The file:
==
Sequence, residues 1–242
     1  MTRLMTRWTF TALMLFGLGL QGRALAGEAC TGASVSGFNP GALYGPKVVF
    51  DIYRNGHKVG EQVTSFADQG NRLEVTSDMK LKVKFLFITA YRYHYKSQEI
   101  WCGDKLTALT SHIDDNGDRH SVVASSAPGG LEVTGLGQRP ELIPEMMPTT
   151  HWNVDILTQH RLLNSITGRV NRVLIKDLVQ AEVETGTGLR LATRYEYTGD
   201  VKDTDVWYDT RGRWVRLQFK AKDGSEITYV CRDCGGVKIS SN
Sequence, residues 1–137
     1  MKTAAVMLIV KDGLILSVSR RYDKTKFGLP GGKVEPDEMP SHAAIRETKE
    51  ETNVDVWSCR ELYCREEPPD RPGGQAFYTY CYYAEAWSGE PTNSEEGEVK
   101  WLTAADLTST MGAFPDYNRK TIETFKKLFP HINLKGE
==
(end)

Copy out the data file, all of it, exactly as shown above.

Sequence, residues 1–242
     1  MTRLMTRWTF TALMLFGLGL QGRALAGEAC TGASVSGFNP GALYGPKVVF
    51  DIYRNGHKVG EQVTSFADQG NRLEVTSDMK LKVKFLFITA YRYHYKSQEI
   101  WCGDKLTALT SHIDDNGDRH SVVASSAPGG LEVTGLGQRP ELIPEMMPTT
   151  HWNVDILTQH RLLNSITGRV NRVLIKDLVQ AEVETGTGLR LATRYEYTGD
   201  VKDTDVWYDT RGRWVRLQFK AKDGSEITYV CRDCGGVKIS SN
Sequence, residues 1–137
     1  MKTAAVMLIV KDGLILSVSR RYDKTKFGLP GGKVEPDEMP SHAAIRETKE
    51  ETNVDVWSCR ELYCREEPPD RPGGQAFYTY CYYAEAWSGE PTNSEEGEVK
   101  WLTAADLTST MGAFPDYNRK TIETFKKLFP HINLKGE